Call Jane reminds audiences the stalk reality for women before legalized abortion. Check out the details in my parents guide movie review from Sundance 2022.
Call Jane premiered this week at the Sundance Film Festival 2022 and has created a buzz. The film stars Elizabeth Banks and Sigourney Weaver and is loosely based on true events surrounding the Jane Collective. Call Jane poses urgent questions about systemic barriers, the ever-shifting nature of politics, and the struggle for women to maintain control of their bodies. Check out the details in my parents guide movie review.
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Call Jane Parents Guide Review
Chicago, 1968. As a city and the nation are poised on the brink of violent political upheaval, suburban housewife Joy leads an ordinary life with her husband and daughter. When Joy’s pregnancy leads to a life-threatening condition, she must navigate a medical establishment unwilling to help. Her journey to find a solution to an impossible situation leads her to the “Janes,” a clandestine organization of women who provide Joy with a safer alternative — and in the process, change her life.
Call Jane Age Appropriate Parents Guide
Let’s take a look at what parents need to know before letting their kids watch Call Jane.
Language: Call Jane contains some strong language, with profanity used throughout. Lookout words include: f*ck, sh*t, a**, d*mn, and more.
Mature Content: The film contains very mature themes, such as unwanted pregnancies and abortion. Characters discuss ways to cause natural abortions, like throwing themselves down stairs and claiming to be suicidal. Couples are shown having sex, discussing sex, and other scenes include performing abortions. Other content includes characters smoking weed and consuming alcohol.
With the recent laws being passed in many Southern states, putting more and more restrictions on women and their right to receive abortions, a film like Call Jane could not have come at a better time. The movie is a stark reminder of what life was like for women before abortion was legalized. The film is loosely based on true events surrounding the Jane Collective, a secret organization that provided thousands of abortions for women during a four-year period before abortion was legalized.
Elizabeth Banks plays Joy, a pregnant housewife who seeks an abortion after a doctor reveals that her pregnancy may put her life at risk. Banks gives a stellar performance and brings many layers to her character, as she goes from a scared and naive housewife to a determined supporter of women’s rights over their own bodies. Sigourney Weaver plays Virginia, the headstrong leader of the Jane Collective, who guides Joy and many other women through their path to terminating their pregnancies. Aiding Virginia is Gwen, who is played by Loki star Wunmi Mosaku. My biggest complaint with the film was not utilizing the talented Mosaku in the film, whose character offers an intriguing perspective which could’ve aided in its messaging.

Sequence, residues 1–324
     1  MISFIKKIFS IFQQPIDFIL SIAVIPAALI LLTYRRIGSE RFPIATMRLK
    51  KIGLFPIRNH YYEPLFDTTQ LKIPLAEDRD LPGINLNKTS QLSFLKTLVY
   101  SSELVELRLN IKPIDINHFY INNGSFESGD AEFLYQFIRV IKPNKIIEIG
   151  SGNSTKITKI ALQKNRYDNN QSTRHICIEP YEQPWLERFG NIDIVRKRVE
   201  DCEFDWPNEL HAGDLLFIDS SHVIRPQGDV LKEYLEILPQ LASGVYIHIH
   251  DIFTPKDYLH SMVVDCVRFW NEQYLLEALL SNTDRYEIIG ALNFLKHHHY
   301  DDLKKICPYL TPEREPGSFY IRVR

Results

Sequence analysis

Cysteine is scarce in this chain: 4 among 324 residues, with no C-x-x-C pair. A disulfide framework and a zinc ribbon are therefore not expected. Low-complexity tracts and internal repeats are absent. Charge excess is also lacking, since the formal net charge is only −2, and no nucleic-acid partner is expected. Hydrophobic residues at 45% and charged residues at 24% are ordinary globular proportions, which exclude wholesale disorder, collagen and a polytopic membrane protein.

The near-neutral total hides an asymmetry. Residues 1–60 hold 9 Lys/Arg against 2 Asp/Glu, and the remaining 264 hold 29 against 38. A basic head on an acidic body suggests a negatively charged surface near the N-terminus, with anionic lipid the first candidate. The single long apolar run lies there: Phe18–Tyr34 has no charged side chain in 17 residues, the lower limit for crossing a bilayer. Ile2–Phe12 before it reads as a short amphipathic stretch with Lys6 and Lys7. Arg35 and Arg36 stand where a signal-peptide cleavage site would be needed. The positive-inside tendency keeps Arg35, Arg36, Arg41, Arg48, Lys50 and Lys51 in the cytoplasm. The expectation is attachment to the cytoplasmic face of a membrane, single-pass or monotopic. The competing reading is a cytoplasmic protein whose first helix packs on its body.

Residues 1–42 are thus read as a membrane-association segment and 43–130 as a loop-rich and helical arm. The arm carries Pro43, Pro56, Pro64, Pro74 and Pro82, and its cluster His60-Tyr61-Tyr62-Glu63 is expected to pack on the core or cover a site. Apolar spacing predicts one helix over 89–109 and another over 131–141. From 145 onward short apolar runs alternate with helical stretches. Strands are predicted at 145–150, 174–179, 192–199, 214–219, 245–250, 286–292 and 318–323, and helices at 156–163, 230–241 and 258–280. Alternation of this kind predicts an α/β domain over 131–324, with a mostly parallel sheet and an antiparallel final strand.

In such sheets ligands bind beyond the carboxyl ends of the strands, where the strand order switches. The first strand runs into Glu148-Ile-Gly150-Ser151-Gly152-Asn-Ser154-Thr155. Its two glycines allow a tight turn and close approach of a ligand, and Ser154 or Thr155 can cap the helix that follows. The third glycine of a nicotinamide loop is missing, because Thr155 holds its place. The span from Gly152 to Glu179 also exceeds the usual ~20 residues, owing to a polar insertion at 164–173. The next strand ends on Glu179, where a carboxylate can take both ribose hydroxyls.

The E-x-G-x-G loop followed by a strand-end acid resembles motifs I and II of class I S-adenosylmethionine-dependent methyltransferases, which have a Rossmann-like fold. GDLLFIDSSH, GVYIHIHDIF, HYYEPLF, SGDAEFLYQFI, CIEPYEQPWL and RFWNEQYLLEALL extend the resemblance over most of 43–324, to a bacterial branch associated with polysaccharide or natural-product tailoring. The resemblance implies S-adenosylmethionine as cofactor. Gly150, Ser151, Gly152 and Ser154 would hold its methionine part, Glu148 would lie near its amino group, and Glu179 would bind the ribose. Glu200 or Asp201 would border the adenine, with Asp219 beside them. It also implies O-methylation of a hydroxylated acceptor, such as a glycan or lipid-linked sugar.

Call Jane also stars actress Kate Mara as Joy’s neighbor and friend. The subplot involving Mara’s character was a strange addition to the film that just didn’t work, and it aided in some of the film’s pacing issues. Director Phyllis Nagy takes the film in a more “feel good” direction while glossing over some important concepts regarding women’s reproductive rights, which are still so important half a century later. While the film brings awareness and takes viewers back to a time when women had little control over their own bodies, it never truly makes the viewer feel “uncomfortable” enough to drive the point. It’s like they wanted to shine a spotlight on abortion by reminding society of how it used to be, and how it could be again if SCOTUS decides to overturn Roe v. Wade, but they didn’t want to overly offend the pro-life crowd at the same time. In my opinion, if you are trying to make a point, one shouldn’t stand on a soapbox for one moment just to turn around and placate the opposition. Still, all in all, Call Jane is worth a watch, especially for those too young to remember a time before abortions were legal.
Call Jane Rating: 3.5 out of 5